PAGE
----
Carnegiea gigantea, Giant Saguaro

Southwest Desert Flora

Home to the plants of the Sonoran, Chihuahuan and Mojave Deserts

Cirsium ochrocentrum, Yellowspine Thistle

Parkinsonia microphylla, Yellow Paloverde

Yellow Paloverde has showy yellow flowers about 1 inch across that bloom from April to May. Parkinsonia microphylla Yellow Paloverde flowers are distinguished from Blue Paloverde by have smaller flowers and a cream or white banner. Parkinsonia microphylla Yellow Paloverde has green or yellow leaves although the leaves are absent most of the year. Parkinsonia microphylla Yellow Paloverde is a shrub or small tree that grows up to 25 feet and prefers dry rocky hillsides and mesas, less common in washes than Blue Pal Verde. Parkinsonia microphylla

Scientific Name: Parkinsonia microphylla
Common Name: Yellow Paloverde
Also Called: Foothill Palo Verde, Little Leaf Palo Verde, Littleleaf Palo Verde (Spanish: Palo Verde, Palo Verde de Hoja Finita)
Family: Fabaceae or Leguminosae Family
Synonyms: (Cercidium microphyllum)
Status: Native
Duration: Perennial
Size: Up to 25 feet, slightly smaller than Blue Paloverde.
Growth Form: Tree or shrub; spiny, heavily branched with an open crown, bark is a smooth yellow-green with ability to photosynthesize, trunk about 1 foot in diameter.
Leaves: Green or yellow-green; pinnately compound, spiny, leaves in pairs, rachis longer than on Blue Paloverde, about 6 to 8 inches long, although leaves are absent most of the year.
Flower Color: Yellow; about 1 inch across, flowers smaller and paler than Blue Paloverde; banner petal is cream or white, fruit is a legume, pods short, about 2 to 3 inches long, tightly constricted between seeds, 1 to 5 seeds.
Flowering Season: April and May.
Elevation: Below 4,000 feet.
Habitat Preferences: Dry rocky hillsides and mesas, less common in washes than Blue Palo Verde.
Recorded Range: Although common where found, Yellow Paloverde is relatively rare in the United States where it occurs only in Arizona and California. In Arizona it is found primarily in the central and west half of the state and in California it is uncommon in San Bernadino County.

North America & US County Distribution Map for Parkinsonia microphylla.

U.S. Weed Information: No information available.
Invasive/Noxious Weed Information: No information available.
Wetland Indicator: No information available.
Threatened/Endangered Information: In Arizona, Parkinsonia microphylla is "Salvage Assessed, Harvest Restricted" (A permit from the Department of Agriculture is necessary to transport this species off private property.)

Genus Information: 4 native species in contiguous United States. 3 native species in Arizona. The Plant List shows 20 species names of which 9 are accepted.

Comments: Yellow Paloverde is one of the most common trees of the Sonoran Desert. It is both an indicator species and a common dominant plant in the Sonoran Desert. Other co-dominant species include Creosotebush (Larrea), Triangle Bursage (Ambrosia), Brittlebush (Encelia) Ocotillo (Fouqueria) and Wolfberry (Lycium). This community is sometimes called the Paloverde, Bursage desert scrub community.

Yellow Paloverde is a common ornamental plant in desert landscapes. Both Yellow and Blue Paloverde trees are very slow growers. The type specimen for Parkinsonia microphylla is from Colorado River and Williams River.

Yellow Palo Verde is similar in appearance to Jerusalem Thorn, Parkinsonia aculeata and Blue Palo Verde, Parkinsonia florida. An easy key distinguishing feature is in the color of the large banner petal; Jerusalem Thorn has a red, brown or reddish-brown splashes; Blue Palo Verde has a yellow banner and Yellow Palo Verde has a white banner petal. Also, Yellow Palo Verde often blooms 2 weeks after Blue Palo Verde.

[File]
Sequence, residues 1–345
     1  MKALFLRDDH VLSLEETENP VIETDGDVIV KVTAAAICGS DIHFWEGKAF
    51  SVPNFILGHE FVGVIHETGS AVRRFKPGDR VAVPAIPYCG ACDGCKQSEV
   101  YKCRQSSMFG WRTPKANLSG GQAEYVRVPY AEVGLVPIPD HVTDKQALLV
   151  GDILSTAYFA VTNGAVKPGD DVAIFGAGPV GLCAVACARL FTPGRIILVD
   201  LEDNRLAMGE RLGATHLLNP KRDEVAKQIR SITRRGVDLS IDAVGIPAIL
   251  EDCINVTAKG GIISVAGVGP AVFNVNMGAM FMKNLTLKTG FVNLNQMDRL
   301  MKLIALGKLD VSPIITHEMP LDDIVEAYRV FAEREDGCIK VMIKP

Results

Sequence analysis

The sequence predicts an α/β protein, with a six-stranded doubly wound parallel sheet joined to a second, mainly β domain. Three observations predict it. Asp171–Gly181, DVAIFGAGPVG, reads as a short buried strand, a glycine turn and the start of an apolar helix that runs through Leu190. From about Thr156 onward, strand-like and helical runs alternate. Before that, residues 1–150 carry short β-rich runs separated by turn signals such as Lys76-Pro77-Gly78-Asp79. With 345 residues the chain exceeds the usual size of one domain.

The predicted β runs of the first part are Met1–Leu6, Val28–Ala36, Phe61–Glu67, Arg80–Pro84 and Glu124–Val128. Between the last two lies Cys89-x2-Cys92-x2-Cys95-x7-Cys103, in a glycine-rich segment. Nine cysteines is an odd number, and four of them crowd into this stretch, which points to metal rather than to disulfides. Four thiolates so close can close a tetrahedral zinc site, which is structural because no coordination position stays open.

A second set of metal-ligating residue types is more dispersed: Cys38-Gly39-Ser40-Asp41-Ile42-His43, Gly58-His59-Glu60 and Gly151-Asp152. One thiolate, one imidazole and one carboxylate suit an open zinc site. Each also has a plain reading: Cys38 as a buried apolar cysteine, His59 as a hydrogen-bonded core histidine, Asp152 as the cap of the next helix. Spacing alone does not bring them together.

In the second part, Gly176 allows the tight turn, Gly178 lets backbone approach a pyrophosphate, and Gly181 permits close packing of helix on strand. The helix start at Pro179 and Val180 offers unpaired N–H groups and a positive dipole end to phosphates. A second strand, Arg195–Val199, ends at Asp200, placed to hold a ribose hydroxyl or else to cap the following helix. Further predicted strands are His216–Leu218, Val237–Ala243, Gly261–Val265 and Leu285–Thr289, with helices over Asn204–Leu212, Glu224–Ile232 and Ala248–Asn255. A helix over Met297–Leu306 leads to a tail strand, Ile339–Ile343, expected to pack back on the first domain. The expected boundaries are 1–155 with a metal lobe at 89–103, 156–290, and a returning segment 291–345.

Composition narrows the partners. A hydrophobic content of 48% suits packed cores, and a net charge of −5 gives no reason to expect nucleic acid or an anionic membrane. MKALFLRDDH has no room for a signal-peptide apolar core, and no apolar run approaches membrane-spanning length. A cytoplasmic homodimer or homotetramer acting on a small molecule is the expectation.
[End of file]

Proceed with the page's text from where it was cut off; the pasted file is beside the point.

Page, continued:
Parkinsonia microphylla has been used for food by southwestern United States indigenous peoples.
Cocopa Food, Porridge, Seeds roasted, ground and made into mush.
Papago Food, Dried Food, Seeds basket winnowed, parched, sun dried, cooked, stored and used for food.
Pima, Gila River Food, Unspecified, Peas eaten raw or cooked.
Yuma Food, Starvation Food, Seeds parched until almost burned and eaten as a famine food.
See ethno-botanical uses at Native American Ethnobotany, University of Michigan, Dearborn.

Date Profile Completed: 09/05/2015, updated 09/21/2016
References:
U.S. Dept. of Agriculture, Natural Resources Conservation Service on-line database and USGS ITIS search
Arizona Flora, Kearney, Thomas H., Peebles, Robert H., 1960, University of California Press, Berkley and Los Angeles, California, as Cercidium microphyllum.
http://www.fs.fed.us/database/feis/plants/shrub/parmic/all.html
USDA Forest Service Fire Effects Information System (MEOF); http://www.feis-crs.org/beta/; (accessed 09/04/2015)
http://www.fs.fed.us/database/feis/plants/shrub/parmic/all.html
Native Plant Information Network, NPIN (2013). Published on the Internet http://www.wildflower.org/plants/ [accessed: 09/04/2015]. Lady Bird Johnson Wildflower Center at The University of Texas, Austin, TX.
http://www.wildflower.org/plants/result.php?id_plant=PAMI5
1993, The Jepson Manual, Citation: http://ucjeps.berkeley.edu/interchange/I_treat_indexes.html (accessed 09/04/2015)
The Plant List (2013). Version 1.1. Published on the Internet; http://www.theplantlist.org/ (accessed 09/11/2015).
http://www.theplantlist.org/tpl1.1/search?q=parkinsonia
Wikipedia contributors, 'Parkinsonia microphylla', Wikipedia, The Free Encyclopedia, 30 December 2014, 07:12 UTC,
[accessed 5 September 2015]
SEINet for synonyms, scientific names, recorded geographic locations and general information
http://swbiodiversity.org/seinet/.
USDA – Threatened and Endangered Information: Arizona, Cercidium microphylla, Foothill Palo Verde, Salvage Assessed